There he is at your fancy gala; rich, successful, and bored out of his mind. He’s got an MBA from an Ivy League school, an undergrad in economics and a wife… who studied art history… and who drags him kicking and screaming to your events. He’s worth a mint, but the most you may ever get from him is the price of the gala’s tickets.
Is it even possible to get this Philistine to change his mind about your cause?
The answer has as much to do with how people learn and what kind of ideas they are exposed to as it does how much money they have to give.
(Read more about the learning side of this equation on my blog on informal learning called The Learner's Guild.)
A yet-to-be published study by Professor Raymond Fisman from Columbia Business School… along with Shachar Kariv of UC Berkeley and Daniel Markovitz of the Yale Law School… suggests that even mature students can change their minds when presented with powerful ideas.
In this study Fisman and his co-authors Shachar Kariv and Daniel Markovitz studied first year Yale law students to see to what degree their teachers affected their generosity in giving when they played an experimental economics exercise called a dictator game.
Regular readers will recognize Raymond Fisman’s name. Fisman and other colleagues found a positive relationship between profitability and corporate philanthropy for businesses that advertised a lot.
Here’s how this study worked. All first year law students at Yale University are required to take courses in contracts and torts. Some of the professors who teach the courses hold PhDs in economics, some in the humanities, and some have “no strong disciplinary allegiances at all.” The students are randomly assigned to the professors and the professors are allowed to design the course however they wish.
Fisman, Kariv and Markovitz theorized that students coming out of class taught by a philosophy teacher might be more concerned with social justice and equality, while students taught by an economics professor might place greater emphasis on economic efficiency.
They tested their theory by putting 70 of these Yale law students in a computer lab to play a dictator game with 50 decisions relating to giving.
“In some cases students started with $10,” writes Fisman in Forbes Magazine, “and for each dollar they gave up, their (anonymous) partner in the game would get, say, $5. In this case giving was ‘cheap.’ In others giving was expensive (each dollar given up yielded only 20 cents for the partner.” By definition if you start with $10, give away $10 and still have $8 left as a giver, you’re concerned about efficiency. Likewise, if you give even when it’s expensive to do so, you are almost certainly concerned about equality. If you never give whether it’s easy or hard, you’re probably selfish.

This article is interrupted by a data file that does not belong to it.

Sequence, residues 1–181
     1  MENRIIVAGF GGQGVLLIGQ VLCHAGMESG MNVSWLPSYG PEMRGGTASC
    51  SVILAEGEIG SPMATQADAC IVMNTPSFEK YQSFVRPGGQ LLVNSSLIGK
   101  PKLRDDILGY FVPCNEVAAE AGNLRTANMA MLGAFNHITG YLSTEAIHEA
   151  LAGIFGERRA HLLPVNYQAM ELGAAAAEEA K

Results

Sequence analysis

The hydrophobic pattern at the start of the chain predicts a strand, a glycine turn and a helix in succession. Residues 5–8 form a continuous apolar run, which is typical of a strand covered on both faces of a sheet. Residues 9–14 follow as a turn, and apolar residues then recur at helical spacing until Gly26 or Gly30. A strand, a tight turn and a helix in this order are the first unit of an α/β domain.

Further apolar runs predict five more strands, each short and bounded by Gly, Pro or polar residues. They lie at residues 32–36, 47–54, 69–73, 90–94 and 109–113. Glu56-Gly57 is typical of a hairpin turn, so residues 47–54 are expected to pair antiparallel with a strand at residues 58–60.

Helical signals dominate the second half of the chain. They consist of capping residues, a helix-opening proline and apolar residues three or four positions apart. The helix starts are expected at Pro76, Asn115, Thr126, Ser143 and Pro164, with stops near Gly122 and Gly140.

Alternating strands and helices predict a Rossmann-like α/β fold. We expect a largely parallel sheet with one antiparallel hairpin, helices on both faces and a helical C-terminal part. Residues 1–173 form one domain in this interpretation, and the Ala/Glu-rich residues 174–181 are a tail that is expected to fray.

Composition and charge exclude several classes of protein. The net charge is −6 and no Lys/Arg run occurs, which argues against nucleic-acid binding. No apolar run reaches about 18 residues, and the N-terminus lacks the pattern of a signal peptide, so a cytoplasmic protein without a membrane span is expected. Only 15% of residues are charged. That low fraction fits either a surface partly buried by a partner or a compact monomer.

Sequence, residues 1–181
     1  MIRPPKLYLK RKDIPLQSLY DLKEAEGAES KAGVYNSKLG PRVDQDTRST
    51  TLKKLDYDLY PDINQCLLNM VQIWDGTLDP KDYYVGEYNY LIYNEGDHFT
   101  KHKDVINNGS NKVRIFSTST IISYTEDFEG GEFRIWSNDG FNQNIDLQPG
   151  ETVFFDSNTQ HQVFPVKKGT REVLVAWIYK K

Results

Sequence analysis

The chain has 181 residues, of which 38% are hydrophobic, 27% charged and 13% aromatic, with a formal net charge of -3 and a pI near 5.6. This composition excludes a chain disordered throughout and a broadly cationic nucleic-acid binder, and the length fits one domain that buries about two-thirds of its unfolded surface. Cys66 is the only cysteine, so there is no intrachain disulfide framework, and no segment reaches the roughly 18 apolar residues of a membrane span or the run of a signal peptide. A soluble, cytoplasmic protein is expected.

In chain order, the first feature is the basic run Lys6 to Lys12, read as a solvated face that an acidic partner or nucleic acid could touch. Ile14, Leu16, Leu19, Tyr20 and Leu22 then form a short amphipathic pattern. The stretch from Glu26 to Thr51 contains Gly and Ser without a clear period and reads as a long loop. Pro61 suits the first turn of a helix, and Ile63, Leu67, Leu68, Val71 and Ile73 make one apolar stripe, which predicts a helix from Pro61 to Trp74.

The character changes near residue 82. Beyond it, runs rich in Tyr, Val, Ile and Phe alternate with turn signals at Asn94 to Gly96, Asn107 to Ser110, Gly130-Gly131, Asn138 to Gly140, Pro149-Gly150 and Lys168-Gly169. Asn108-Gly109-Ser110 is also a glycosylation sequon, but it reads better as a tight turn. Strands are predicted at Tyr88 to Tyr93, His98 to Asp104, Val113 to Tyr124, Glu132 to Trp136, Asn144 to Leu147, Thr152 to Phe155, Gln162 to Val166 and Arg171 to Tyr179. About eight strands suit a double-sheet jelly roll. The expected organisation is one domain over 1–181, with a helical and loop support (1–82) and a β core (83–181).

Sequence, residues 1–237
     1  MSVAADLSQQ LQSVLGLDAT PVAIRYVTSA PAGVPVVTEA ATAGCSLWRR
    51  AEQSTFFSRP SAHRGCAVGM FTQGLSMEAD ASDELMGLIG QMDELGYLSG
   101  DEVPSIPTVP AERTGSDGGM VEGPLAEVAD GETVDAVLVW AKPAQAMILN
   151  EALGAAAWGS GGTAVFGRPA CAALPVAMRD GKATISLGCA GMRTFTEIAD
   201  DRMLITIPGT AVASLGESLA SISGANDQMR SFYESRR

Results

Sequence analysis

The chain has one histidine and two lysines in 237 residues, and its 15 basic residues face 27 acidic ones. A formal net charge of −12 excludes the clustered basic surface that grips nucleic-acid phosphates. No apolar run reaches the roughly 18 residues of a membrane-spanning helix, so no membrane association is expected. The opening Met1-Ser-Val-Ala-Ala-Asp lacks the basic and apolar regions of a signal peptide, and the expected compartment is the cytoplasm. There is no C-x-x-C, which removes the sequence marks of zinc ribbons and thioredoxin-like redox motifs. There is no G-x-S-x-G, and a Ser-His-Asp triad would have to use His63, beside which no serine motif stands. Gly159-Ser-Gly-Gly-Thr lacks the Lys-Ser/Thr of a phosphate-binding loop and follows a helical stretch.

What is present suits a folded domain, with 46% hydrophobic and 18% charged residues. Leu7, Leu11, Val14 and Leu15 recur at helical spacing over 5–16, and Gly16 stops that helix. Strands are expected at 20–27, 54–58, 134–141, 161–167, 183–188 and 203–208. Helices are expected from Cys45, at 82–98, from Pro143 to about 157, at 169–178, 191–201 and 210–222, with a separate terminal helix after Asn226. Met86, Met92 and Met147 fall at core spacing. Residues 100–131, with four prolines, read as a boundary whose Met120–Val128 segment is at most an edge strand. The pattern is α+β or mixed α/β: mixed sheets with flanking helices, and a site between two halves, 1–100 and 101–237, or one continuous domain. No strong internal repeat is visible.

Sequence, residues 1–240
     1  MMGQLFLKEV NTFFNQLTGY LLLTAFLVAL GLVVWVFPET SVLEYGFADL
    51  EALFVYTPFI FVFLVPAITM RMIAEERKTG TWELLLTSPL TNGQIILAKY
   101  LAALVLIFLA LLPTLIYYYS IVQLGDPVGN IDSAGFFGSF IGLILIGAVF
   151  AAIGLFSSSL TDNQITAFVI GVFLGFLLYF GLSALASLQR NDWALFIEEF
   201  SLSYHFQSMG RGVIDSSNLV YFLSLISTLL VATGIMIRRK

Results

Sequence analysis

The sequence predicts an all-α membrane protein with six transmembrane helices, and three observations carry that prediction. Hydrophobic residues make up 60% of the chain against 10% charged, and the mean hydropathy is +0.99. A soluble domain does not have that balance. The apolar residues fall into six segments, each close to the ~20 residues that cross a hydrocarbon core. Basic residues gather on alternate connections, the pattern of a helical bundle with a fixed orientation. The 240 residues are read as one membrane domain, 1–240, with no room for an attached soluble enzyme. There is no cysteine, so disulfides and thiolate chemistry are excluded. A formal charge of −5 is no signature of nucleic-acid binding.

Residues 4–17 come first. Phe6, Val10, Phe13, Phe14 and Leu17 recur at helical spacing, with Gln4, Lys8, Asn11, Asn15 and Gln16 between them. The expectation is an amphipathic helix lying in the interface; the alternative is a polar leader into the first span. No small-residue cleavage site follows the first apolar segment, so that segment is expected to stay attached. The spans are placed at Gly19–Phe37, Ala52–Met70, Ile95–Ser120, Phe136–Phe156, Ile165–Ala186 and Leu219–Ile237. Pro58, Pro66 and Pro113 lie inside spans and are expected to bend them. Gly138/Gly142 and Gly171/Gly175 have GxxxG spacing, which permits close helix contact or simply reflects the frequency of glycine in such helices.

So what were the results?
“It turns out that exposure to economics makes a big difference in how studentsLikewise, students exposed to teachers from the humanities… no matter their previous academic backgrounds… were more “sympathetic to equality.”
split up the pie,” says Fisman, “in terms of both efficiency and outright selfishness. Students assigned to classes taught by economists were more likely to give a lot when it was cheap to do so. But they were also more likely to take the whole pie for themselves.”
So what’s a fundraiser to do? Ask to see donor’s college transcripts? Test donors on Fisman’s dictator game? Stay in bed for the next week or so?
Smart fundraisers know that donors are different, and that the pitch that worked for one would-be donor might not work for the next.
Smart fundraisers… like smart marketers… also know that you need to segment your audience. But even when you’re sure you’re addressing people who are concerned about social equality, only the fool or the incompetent doesn’t also mention something about the rational, hard-headed qualities of the cause; that it’s efficient, well-managed, has a good board, effectively accomplishes its mission, uses its resources smartly, etc.
Every message… including those used in cause-related marketing… should have head and heart.
Is it worth it trying to convert that rationalist Philistine? You bet. His mind can be changed. Fisman et al demonstrate that. And better, Fisman also demonstrates that when that rationalist gives, he's likely to be the most generous type of donor if you structure it right.
Labels: Columbia Business School, Forbes Magazine, Raymond Fisman, UC Berkeley, Yale Law School